Vegetarians should have no problem finding suitable cuisine in most of Western Europe. Particularly in city listings, Let’s Go notes many restaurants that offer good vegetarian selections. For info on vegetarian and vegan options through out Europe, check www.vegdining.com.
Travelers who keep kosher should contact synagogues in larger cities for info on food options. Your own synagogue or college Hillel should have access to lists of Jewish institutions across the globe. If you are strict in your observance, you may have to prepare your own food on the road. The website www.kashrut.com/travel provides contact info and further resources, while www.shamash.org/kosher catalogues kosher restaurants worldwide.
North American Vegetarian Society, P.O. Box 72, Dolgeville, NY 13329 (US ®518- 568-7970; www.navs-online.org). Offers resources and publications.
The Vegan Traveller (www.vegan-traveller.com). An internet resource center with info on a number of vegan establishments throughout Europe.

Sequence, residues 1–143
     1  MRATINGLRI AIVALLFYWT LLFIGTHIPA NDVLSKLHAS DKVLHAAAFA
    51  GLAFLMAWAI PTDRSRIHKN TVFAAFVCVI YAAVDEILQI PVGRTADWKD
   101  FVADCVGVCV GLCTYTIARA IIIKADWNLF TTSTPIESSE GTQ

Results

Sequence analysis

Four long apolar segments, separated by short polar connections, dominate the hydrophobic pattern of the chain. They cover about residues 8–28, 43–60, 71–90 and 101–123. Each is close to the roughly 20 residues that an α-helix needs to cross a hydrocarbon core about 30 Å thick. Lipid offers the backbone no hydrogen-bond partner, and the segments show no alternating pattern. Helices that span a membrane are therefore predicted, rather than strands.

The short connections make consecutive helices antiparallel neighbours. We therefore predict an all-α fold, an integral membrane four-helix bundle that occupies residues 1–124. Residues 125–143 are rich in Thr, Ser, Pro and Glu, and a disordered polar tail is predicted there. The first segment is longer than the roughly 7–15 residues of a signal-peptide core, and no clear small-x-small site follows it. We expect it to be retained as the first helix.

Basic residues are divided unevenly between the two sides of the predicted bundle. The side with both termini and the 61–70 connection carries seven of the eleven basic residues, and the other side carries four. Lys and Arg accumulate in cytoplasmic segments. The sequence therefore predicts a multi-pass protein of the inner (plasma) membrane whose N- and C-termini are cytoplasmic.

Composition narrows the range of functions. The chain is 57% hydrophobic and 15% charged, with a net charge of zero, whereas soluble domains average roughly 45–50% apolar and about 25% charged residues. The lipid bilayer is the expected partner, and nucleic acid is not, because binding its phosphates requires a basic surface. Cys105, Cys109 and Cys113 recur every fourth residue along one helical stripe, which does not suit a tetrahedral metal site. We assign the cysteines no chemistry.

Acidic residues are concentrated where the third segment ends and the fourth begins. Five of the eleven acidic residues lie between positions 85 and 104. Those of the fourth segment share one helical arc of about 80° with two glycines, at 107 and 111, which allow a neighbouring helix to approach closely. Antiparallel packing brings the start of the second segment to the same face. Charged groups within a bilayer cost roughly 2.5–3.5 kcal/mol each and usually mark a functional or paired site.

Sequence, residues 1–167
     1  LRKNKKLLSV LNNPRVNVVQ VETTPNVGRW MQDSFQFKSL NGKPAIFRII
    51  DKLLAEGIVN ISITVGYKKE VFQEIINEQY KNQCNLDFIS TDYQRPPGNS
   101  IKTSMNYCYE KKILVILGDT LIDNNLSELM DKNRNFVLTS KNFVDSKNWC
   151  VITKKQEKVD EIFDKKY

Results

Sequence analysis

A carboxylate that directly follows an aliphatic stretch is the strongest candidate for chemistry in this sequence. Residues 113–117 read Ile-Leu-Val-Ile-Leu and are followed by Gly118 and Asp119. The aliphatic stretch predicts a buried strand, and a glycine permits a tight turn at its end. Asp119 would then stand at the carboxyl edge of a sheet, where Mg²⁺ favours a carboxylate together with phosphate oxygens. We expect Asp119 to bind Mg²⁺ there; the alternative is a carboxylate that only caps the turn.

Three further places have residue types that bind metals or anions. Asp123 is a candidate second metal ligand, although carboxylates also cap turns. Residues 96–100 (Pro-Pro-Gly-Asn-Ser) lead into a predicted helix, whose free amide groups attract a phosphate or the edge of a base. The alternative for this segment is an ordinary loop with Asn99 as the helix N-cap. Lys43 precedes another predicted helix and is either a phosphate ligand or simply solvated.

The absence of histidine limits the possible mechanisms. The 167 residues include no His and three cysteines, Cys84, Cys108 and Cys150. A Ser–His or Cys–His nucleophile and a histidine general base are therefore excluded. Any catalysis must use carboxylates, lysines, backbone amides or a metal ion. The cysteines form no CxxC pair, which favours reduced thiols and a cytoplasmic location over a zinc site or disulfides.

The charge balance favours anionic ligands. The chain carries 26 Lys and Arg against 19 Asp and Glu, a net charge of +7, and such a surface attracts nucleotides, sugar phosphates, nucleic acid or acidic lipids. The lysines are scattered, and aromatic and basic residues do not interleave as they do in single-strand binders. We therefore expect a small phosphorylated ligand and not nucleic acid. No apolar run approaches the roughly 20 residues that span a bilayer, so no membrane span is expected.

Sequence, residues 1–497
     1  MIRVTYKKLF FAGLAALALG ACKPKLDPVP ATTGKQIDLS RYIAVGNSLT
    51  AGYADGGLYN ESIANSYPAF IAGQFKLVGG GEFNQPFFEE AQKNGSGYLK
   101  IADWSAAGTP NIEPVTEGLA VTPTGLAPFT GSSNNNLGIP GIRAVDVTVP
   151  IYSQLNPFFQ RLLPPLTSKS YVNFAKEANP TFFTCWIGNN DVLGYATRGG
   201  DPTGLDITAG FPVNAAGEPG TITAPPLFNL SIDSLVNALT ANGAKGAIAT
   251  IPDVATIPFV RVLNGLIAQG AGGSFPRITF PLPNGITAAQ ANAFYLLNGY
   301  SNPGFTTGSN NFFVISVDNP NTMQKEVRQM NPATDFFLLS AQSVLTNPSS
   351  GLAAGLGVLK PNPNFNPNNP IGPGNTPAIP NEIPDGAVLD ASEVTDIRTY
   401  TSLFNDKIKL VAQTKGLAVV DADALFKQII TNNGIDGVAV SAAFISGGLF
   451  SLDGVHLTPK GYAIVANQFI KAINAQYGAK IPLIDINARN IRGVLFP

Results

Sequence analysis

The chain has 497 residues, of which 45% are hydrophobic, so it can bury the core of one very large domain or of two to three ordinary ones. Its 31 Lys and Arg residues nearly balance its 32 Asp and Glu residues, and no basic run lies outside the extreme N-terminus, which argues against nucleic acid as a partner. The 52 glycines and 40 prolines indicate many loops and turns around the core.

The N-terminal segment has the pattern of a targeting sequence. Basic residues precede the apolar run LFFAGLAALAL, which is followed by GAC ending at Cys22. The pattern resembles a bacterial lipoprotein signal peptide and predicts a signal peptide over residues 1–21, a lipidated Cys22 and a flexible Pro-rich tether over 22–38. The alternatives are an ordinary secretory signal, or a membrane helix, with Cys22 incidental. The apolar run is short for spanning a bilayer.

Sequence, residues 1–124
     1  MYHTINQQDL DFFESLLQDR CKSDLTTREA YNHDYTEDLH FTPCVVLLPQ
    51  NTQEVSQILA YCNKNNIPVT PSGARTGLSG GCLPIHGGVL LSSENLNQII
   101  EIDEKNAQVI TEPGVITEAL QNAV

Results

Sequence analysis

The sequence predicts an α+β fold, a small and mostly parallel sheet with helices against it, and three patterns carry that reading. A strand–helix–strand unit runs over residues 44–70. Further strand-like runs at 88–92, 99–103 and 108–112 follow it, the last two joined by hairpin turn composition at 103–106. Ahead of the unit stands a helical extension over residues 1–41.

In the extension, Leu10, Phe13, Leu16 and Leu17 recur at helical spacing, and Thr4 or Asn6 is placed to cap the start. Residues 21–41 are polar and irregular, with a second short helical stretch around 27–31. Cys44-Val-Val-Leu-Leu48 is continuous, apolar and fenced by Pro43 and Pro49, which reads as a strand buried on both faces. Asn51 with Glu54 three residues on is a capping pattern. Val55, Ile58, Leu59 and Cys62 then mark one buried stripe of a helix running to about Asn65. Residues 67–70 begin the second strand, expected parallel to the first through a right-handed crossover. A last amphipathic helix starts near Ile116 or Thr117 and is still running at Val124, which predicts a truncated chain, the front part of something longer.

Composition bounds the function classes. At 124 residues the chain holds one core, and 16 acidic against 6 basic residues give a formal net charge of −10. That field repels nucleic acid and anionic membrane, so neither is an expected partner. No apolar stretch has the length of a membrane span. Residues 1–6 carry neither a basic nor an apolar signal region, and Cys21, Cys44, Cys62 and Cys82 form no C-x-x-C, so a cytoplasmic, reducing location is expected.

Hostility to Tobacco The first to speak out against the devil weed were the popes of the 1600s, who forbade Catholic clergy and the faithful from using it because of its close connection with Amerindian demonic rituals and because the sneezing caused by taking snuff was considered to be too closely related to sexual ecstasy. Netherlands Subway Map Addiction to tobacco, however, proved stronger than the repeated threats of excommunication. In 1603, King James I of England wrote A Counterblast to Tobacco, the first antismoking report in history. When he needed tax revenue, he still ended up encouraging the increased use of tobacco in England. Napoleon Bonaparte, too, was against the rising use of tobacco (although he is said to have snuffed up to 7 pounds of it a month), but he was cognizant of its importance to his treasury. He wrote to his advisers, This vice brings in 100 million francs each year. I will certainly forbid it at once as soon as you can name a virtue that brings in as much revenue.